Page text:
The book is a labor of love. The biography of a humble 1960s Texas Civil Rights Activist who integrated Southwestern Bell/AT&T, my father, Rev. Dr. L.E. Bennett
Diamonds are made from great pressure. Pressure is something that Rev. Dr. L.E. Bennett knew well. I have immense love and adoration for this man, and I must tell his story.
It was the 1950s and 1960s, the war against racism and inequality in America was also fought by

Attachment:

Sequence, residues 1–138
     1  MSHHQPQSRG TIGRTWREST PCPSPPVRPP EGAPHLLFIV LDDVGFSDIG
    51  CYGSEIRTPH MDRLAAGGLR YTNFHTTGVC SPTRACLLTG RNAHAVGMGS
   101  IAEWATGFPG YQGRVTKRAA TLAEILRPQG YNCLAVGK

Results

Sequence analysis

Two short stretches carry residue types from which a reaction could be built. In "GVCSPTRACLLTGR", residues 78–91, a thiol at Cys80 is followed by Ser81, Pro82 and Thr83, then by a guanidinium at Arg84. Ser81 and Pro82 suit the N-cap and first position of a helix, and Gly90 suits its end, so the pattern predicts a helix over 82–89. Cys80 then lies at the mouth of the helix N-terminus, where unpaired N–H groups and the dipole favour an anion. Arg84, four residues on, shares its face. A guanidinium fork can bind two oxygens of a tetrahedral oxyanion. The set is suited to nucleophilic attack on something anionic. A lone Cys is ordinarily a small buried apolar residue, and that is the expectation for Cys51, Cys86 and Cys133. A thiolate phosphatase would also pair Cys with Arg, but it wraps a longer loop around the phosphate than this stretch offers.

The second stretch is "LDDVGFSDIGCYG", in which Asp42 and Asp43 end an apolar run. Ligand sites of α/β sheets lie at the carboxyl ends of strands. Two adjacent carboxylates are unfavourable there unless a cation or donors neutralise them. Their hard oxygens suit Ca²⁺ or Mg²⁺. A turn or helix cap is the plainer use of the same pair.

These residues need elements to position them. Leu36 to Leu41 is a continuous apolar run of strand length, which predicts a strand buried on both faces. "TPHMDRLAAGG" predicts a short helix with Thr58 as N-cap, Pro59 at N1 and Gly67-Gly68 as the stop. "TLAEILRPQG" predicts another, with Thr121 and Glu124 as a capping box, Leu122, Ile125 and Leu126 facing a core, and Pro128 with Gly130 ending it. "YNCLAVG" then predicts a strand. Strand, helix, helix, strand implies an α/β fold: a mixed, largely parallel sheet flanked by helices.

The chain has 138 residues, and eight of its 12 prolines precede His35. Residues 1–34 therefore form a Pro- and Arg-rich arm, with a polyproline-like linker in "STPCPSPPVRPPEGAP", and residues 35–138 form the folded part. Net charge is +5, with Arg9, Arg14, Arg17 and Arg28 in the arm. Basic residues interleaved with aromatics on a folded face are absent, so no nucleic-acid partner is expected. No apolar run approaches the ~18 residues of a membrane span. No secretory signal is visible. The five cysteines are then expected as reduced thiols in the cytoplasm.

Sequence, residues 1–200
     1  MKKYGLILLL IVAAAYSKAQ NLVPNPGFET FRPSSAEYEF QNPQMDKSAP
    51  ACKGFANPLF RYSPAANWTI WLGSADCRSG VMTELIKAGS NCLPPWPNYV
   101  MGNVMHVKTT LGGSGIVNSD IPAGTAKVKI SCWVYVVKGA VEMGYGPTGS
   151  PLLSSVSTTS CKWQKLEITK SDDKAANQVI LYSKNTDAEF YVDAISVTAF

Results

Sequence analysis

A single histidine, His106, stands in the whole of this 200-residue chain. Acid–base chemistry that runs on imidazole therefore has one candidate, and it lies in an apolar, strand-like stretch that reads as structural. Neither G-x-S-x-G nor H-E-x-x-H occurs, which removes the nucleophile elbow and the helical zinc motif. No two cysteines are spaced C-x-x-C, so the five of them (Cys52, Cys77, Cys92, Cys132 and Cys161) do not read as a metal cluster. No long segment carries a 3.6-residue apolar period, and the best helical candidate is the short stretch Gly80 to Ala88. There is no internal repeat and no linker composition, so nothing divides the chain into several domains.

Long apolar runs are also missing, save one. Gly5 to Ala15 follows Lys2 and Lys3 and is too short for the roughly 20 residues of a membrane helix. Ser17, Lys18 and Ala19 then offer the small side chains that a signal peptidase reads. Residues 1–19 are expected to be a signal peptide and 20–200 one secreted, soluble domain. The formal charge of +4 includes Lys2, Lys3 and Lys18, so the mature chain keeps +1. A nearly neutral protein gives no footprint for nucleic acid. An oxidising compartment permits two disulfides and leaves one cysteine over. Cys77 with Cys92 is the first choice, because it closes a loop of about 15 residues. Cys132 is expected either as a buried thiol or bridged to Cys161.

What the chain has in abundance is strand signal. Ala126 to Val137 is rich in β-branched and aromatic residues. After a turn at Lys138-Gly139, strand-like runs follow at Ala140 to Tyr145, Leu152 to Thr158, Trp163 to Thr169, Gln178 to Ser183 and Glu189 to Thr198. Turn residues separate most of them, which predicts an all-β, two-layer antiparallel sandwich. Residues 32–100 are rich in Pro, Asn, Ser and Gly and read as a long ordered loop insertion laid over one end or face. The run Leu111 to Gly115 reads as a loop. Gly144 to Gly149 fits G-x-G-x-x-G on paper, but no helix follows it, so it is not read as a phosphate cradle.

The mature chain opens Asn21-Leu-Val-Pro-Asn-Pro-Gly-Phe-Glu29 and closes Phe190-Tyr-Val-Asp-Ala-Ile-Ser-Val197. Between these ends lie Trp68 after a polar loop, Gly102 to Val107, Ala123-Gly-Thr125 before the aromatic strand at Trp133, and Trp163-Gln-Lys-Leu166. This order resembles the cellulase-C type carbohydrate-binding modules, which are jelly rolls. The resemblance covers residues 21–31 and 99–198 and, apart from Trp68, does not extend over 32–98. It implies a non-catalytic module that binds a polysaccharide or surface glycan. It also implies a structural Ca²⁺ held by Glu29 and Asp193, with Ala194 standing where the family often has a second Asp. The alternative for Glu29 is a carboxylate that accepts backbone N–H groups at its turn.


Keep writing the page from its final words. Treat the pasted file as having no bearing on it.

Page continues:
an unsung Texas warrior named L.E. Bennett, a humble civil rights activist from Texas who while serving as a janitor progressed to integrating Southwestern Bell/AT&T.
Robert Kennedy (RFK) and Martin Luther King (MLK) encouraged Bennett, and he received the Political Education Award from the National Association for Advancement of Colored People in 1968, (NAACP) signed by National President Roy Wilkins, Rev. C.D. Owens and W.C. Patton. Bennett also received media coverage and an award from Wall of Tolerance signed by Rosa Parks.